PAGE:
• June 12, 2024

Knitting – Get gauge without knitting a gauge

Ok, I admit it, I’m lazy. Of course, that admission isn’t really a huge surprise to anyone who knows me. In fact, I recently read that most successful business owners are lazy: they are constantly trying to find new ways to reduce their workload! That fits me to a “T”. But unfortunately for my knitting, my lazy tendencies aren’t limited to work. Like many of you, I hate making gauge swatches… when I start a project I want to start real knitting. I want to leave! And, most of the time, even when I take the time to make a gauge swatch, my gauge changes once I start knitting (my tension usually loosens up as I progress). If this sounds like you, read on to find out what I’ve done to rectify the situation (and to ease my laziness):

As I’ve probably mentioned a thousand times, my favorite sweater patterns are from Knitting Pure and Simple. Since they are knitted top down, and on circular needles, I don’t need to sew the pieces last (again, lazy!). And it just so happens that raglan sleeves are some of my favorites. I love being able to take your basic patterns and change them up a bit – I can add cables, ribbing, shape the waist, and just about anything else you can think of. I guess it’s like buying clothes from a catalog. Once you know what size you are, and what fits you, it becomes a bit difficult to experiment with anything else.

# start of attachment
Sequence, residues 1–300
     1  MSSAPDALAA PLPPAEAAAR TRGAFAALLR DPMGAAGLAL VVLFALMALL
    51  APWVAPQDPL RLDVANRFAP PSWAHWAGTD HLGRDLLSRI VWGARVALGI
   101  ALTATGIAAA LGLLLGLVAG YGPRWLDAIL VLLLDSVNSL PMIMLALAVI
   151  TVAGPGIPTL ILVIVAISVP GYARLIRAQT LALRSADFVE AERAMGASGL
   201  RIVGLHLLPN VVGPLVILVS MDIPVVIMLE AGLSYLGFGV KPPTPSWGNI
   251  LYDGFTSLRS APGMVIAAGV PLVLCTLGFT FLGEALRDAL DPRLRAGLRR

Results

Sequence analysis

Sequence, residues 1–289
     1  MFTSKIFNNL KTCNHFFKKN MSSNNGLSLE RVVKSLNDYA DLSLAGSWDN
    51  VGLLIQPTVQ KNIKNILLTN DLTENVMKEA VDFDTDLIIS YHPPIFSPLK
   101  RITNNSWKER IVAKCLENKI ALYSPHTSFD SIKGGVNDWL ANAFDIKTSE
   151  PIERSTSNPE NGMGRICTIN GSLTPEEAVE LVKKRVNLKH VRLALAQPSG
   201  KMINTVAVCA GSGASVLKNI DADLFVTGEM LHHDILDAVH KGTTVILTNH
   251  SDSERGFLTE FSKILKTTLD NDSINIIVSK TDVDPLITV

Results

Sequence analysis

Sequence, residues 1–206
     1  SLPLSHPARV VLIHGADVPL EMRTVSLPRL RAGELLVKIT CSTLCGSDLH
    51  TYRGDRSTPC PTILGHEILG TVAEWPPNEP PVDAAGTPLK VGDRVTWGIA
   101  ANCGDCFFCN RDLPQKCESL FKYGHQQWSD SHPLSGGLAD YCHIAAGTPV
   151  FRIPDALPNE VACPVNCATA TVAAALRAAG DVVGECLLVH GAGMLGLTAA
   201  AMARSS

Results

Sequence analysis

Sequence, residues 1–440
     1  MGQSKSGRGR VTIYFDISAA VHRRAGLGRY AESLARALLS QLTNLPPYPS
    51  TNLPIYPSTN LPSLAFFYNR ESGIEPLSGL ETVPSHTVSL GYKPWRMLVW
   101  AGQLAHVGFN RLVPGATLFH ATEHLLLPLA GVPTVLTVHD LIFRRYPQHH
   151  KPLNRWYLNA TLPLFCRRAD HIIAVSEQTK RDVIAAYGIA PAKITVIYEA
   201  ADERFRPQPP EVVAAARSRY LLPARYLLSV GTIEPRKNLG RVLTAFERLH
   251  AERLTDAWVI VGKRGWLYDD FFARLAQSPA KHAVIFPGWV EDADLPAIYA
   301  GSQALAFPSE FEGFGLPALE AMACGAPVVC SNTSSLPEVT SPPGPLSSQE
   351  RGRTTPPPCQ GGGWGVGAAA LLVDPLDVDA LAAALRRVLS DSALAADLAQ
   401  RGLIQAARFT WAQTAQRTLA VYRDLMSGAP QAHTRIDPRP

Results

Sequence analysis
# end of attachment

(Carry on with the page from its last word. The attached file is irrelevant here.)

That said, I normally start my KPS sweater with the pattern’s recommended needle size (we’ll use US 8 as an example). After weaving in about an inch, I measure my gauge. If my gauge is too tight, I know I need to use a larger needle (and a smaller needle if my gauge is too loose). So, I take my largest needle (for example, US 9) and knit a row with it. Then I knit a row again with the smaller US 8. Then I knit one row with 9, and then another with 8. By alternating needle sizes for a few rows, I found that you can’t see much of a difference in texture.

Then I knit for another inch using just the larger US 9 needle. After that inch, I measure the gauge again and compare it to the pattern. If my gauge is still too tight I’ll repeat the process above. Soon enough, I found a needle size that gives me the correct gauge. Also keep in mind that my gauge changes as I knit, so it’s critical that you check it every few inches and make any necessary adjustments.

Now this technique works for me only if I have a fairly close gauge to start with…you don’t want to start with a US 6 and end up getting a gauge with a US 11. I’m pretty sure you’ll be able to see those changes in the finished garment.

I hope this article will be useful to you in the future; just remember, by employing techniques like this, you too can be a LAZY METER!

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